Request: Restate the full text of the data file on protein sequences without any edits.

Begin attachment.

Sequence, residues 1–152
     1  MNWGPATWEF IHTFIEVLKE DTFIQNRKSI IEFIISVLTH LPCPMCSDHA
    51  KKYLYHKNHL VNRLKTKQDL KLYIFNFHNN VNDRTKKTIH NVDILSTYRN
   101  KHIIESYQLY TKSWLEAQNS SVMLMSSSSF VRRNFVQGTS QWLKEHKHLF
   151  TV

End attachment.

Sequence, residues 1–152
     1  MNWGPATWEF IHTFIEVLKE DTFIQNRKSI IEFIISVLTH LPCPMCSDHA
    51  KKYLYHKNHL VNRLKTKQDL KLYIFNFHNN VNDRTKKTIH NVDILSTYRN
   101  KHIIESYQLY TKSWLEAQNS SVMLMSSSSF VRRNFVQGTS QWLKEHKHLF
   151  TV